Another example that comes to mind: downstream processing of customer-submitted data. This could mean support tickets, form entries, or a call for help with an order. In many industries, how quickly and thoroughly a customer request gets handled is going to dictate what the customer’s view of the company is overall. But the interfaces and systems built to handle these requests on the back end are often the lowest on the priority list. They get consistently overlooked in favor of their more-public counterparts, and as a result, processing times and quality slow down.
Most customer experience teams won’t spot challenges like these. They think only about what a paying customer sees, touches, or complains about. That’s all well and good, but the real customer experience must be a truly complete picture of the ways each part of the organization contributes to how a customer feels about the organization.
What about UX?
Before customer experience, there was user experience (UX). Ten to 15 years ago, most of the designers I interviewed presented themselves as UX designers to communicate that they did more than put a coat of paint on frontends. If a designer focused only on the visuals, they were missing a big piece of the puzzle of software design, the thinking went.
But then a quote attributed to renowned designer Edward Tufte started taking the shine off of UX:
“There are only two industries that call their customers ‘users’: illegal drugs and software.”
Responsible design became more important to the community, and more applicants started looking for product design roles.
There’s a key thing that UX got right: Any person using a software interface, broadly speaking, should have a tailored experience. That experience applies equally to employees, data processors, operational interns, and all of the other non-customer roles as it does for customers.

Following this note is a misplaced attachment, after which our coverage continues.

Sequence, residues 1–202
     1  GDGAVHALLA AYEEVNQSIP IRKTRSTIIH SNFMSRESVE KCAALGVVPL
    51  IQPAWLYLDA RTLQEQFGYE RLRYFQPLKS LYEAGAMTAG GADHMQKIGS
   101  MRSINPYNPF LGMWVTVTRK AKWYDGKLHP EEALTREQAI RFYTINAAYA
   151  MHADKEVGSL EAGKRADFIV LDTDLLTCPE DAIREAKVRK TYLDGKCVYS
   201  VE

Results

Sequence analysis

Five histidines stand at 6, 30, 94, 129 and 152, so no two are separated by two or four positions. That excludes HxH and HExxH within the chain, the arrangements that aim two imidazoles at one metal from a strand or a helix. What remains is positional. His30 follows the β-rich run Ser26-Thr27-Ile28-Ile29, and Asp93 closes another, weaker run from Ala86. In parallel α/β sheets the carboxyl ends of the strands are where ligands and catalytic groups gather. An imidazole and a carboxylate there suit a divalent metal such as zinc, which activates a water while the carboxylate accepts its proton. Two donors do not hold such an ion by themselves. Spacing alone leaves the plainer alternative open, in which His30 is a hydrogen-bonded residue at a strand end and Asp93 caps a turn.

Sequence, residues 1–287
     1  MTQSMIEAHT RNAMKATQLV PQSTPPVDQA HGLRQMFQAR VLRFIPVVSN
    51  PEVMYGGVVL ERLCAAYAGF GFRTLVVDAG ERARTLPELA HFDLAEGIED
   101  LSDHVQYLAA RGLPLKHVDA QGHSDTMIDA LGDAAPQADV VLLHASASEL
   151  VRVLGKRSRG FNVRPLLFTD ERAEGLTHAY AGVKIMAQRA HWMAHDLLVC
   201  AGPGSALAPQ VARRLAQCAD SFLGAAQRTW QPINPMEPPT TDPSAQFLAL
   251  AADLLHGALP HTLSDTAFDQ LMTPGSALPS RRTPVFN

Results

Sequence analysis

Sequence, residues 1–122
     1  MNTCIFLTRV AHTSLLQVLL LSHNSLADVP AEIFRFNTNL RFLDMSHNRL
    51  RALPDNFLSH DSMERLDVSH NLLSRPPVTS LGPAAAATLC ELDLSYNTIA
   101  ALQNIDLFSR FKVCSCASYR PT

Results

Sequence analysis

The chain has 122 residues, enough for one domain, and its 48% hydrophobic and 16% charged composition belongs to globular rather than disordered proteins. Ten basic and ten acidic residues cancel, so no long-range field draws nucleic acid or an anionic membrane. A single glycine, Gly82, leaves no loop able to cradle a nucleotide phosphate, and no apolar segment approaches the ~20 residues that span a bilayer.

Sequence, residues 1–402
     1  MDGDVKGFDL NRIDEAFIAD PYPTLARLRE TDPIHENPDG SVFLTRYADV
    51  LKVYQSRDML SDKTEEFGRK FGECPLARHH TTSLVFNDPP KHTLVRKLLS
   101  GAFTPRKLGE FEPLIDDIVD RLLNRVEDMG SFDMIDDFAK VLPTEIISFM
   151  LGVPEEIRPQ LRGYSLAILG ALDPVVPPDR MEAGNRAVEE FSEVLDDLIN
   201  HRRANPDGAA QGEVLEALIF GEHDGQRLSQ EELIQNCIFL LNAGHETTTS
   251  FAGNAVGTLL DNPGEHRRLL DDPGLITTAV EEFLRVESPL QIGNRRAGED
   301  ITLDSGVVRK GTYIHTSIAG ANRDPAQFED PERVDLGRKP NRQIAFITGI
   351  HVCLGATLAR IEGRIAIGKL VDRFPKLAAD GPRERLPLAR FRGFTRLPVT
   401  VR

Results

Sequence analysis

Some of the biggest bottom-line impact we’ve had for our clients is when we dramatically improve how an internal system works. We’ve been able to increase efficiency on everyday tasks by huge amounts, as much as five to 10 times faster in some cases. This isn’t just a quality-of-life improvement, because improvements on the backend directly lower costs in many ways. Sometimes you can accomplish more with a smaller staff, or your throughput goes up and customer wait times go down, or you can decommission and cut maintenance costs of older, outdated systems. These all have a clear, quantifiable business impact.
Take a wide view of design
UX was a good step in the right direction, and CX is a regression that misses the fact that internal users are users too. Product design encompasses them both.
This is all to say, as you look at your organization, think broadly about how you can apply product thinking and design to improve all facets of the digital experience. A big part of that will be what your customers interact with, but you likely have needs just as important within your internal systems.
Talk to your people, or engage a focused team to do an assessment of where the gaps are and what impact design thinking could have on your digital platform’s future. Interface improvements for a workflow that customers never see could end up having the greatest positive payoff on the overall customer experience.